It wasn’t long ago I thought quickshifters on roadsters was a bit silly. I mean, unless you’re chasing laptimes, what’s the big deal about feathering the throttle and banging the lever up? But I now realise I was being a bit of a dinosaur, quickshifters are here to stay and do make sportriding that little bit better.

Like most quickshifters, you only use the MT-09’s on upshifts – simply pull the lever up (don’t pull in the clutch) and keep the throttle in the same spot. The electronics cut power, thus engine load and the gearbox can change to a higher cog in a tiny fraction of a second.

Learn to ride like this and I reckon going back will be an issue.

Slipper clutches are a bit different, presenting rear-wheel lock-up when you get too aggressive with downshifts, usually going into turns. Many people will never engage the slipper part of their clutch because they will balance revs to road speed well, but when you get lazy, tired or aggressive a slipper clutch is fabulous.

The assist part of the name comes from the design, which reduces the tension on the springs when the clutch lever is pull in, reducing the effort.

 

On the road

The MT-09 is a roadster at heart, a bloody good one at that.

In town the steering is light, precise and direct. The riding position is close to perfect, being upright enough to see over many cars, to make it easy to turn your head left and right. There’s a slight lean forward to the handlebars and the footpegs are just a tiny bit rearset from a traditional roadster.

But it would be pretty easy to turn the MT-09 into a café racer, just fit the optional rearset footpegs and some low ’bars…

The inline triple spins up easily, the inherent low vibes of an inline triple providing a smooth ride until you really get into sports riding territory as the revs approach five figures.

The tacho is a set of LED bars running left to right along the top of the monochrome LCD dash. I hated it, but the funny thing was I didn’t need it – the flexible Massive Torque engine is easy to ride without worrying too much about the revs – it pulls hard across the rev range and doesn’t become unrideable if a gear selection isn’t perfect.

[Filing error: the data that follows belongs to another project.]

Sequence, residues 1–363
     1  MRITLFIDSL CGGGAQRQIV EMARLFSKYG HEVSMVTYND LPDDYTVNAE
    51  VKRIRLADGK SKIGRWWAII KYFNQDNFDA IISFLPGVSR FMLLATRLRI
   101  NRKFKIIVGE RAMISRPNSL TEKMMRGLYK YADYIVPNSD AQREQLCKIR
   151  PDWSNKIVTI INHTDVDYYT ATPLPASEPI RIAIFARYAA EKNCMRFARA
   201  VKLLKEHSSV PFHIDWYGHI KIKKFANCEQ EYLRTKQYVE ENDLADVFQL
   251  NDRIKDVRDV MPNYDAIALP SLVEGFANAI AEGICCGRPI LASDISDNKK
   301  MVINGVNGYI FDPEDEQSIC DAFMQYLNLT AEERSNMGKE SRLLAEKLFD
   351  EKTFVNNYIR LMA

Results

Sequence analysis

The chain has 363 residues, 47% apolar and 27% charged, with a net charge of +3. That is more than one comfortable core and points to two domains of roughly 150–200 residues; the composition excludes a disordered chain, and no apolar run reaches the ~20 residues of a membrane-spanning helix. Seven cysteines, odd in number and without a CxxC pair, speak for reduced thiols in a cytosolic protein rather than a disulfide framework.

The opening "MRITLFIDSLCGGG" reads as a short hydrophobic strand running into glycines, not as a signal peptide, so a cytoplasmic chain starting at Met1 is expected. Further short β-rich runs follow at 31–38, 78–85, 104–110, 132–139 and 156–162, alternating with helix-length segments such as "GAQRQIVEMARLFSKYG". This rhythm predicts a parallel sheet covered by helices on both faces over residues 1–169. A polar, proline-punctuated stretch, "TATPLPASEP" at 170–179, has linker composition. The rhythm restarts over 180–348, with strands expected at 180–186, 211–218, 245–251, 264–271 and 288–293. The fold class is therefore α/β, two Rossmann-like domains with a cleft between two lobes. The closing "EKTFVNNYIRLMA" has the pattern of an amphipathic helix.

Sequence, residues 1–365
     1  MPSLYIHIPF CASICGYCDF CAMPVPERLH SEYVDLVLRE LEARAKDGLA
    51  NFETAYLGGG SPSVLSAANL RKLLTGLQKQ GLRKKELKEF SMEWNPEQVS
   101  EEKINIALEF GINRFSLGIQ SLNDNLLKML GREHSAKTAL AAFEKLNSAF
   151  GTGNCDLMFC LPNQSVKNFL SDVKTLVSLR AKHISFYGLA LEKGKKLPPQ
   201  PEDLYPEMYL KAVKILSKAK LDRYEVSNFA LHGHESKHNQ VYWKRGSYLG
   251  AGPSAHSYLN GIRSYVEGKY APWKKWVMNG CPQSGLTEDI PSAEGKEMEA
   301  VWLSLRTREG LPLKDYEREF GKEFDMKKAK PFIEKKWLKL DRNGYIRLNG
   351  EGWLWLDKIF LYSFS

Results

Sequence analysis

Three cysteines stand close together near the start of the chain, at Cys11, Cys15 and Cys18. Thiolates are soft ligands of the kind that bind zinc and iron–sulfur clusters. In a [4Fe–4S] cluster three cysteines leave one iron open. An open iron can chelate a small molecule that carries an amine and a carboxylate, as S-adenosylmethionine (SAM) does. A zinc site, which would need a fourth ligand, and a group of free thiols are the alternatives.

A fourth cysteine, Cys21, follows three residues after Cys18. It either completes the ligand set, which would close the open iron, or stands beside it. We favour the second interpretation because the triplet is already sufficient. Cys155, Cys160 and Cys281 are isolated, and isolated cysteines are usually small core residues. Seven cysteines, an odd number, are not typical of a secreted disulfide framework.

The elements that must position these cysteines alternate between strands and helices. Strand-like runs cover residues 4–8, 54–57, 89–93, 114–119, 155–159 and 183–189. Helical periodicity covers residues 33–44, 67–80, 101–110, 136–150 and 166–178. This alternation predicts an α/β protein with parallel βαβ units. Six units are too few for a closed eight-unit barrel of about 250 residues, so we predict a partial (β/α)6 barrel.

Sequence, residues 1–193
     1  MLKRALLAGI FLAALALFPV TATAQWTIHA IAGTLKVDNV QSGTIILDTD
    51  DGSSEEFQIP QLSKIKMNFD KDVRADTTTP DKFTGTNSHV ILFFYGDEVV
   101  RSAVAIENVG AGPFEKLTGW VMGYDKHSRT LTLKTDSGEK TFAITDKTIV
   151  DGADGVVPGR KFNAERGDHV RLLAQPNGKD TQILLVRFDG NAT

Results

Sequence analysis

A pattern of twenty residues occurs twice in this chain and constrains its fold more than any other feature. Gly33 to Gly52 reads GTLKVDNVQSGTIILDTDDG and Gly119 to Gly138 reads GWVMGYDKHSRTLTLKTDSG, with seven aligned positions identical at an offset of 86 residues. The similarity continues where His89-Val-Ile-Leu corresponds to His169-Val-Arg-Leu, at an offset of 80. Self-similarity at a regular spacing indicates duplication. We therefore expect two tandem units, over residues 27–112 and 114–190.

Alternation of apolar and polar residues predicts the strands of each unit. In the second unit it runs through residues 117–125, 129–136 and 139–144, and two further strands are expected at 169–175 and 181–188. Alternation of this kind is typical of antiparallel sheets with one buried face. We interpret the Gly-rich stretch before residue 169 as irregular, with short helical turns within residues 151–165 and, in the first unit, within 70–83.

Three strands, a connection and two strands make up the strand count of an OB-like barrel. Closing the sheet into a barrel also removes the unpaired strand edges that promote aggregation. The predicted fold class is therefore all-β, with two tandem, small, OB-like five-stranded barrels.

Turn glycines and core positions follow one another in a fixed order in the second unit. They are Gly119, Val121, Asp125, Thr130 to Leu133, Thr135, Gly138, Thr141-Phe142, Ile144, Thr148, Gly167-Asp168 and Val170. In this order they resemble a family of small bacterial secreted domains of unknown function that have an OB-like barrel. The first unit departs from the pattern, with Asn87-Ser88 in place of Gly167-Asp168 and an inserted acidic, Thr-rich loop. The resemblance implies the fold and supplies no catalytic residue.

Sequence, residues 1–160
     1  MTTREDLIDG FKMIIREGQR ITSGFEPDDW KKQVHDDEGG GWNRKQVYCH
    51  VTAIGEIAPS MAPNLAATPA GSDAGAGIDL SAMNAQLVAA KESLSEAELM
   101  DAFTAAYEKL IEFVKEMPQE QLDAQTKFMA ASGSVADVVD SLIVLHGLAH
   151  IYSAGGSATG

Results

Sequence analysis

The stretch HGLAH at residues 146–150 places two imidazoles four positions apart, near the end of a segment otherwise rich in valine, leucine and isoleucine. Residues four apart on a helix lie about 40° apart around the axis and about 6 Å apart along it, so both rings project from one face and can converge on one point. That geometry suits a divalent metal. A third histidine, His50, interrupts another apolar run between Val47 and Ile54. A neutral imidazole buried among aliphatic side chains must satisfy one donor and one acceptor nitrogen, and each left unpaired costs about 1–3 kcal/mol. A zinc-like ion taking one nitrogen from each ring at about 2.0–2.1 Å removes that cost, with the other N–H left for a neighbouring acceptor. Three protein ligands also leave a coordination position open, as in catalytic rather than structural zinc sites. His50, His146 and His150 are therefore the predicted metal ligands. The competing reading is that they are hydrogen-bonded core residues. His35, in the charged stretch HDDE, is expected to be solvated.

The MT-09 is easy to ride fast, but it’s not as fast as a sportsbike. A good rider on a sportsbike – R6, R1, that sort of thing – will be quicker than the same rider on an MT-09. Usually. If the road is decent. If their suspension is set-up correctly.

But if you’re not someone with track experience, someone who doesn’t scrape their pegs regularly or views the speeds on corners has a challenge to be doubled, the MT-09 is likely to prove plenty fast enough.

Out near the Hume Weir with the MT-09. #yamaha #mt-09 @yamahamotoraus

A photo posted by Cycle Torque (@cycletorque) on

What I didn’t like

The 14-litre tank, the thin seat, the complete lack of weather protection, the poor pillion accommodation and the lack of luggage capability.

That said Yamaha offers a tank bag and Comfort Seat for the MT-09 and if weather protection, pillion capability and luggage are real issues for you, buy the MT-09 Tracer.

 

Who’s it for?

The commuter, weekend rider and hoon in all of us.

About the author: Nigel Paterson

Nigel Paterson founded Cycle Torque with the financial backing of an anonymous member of the motorcycle industry back in 1999. Read the full bio.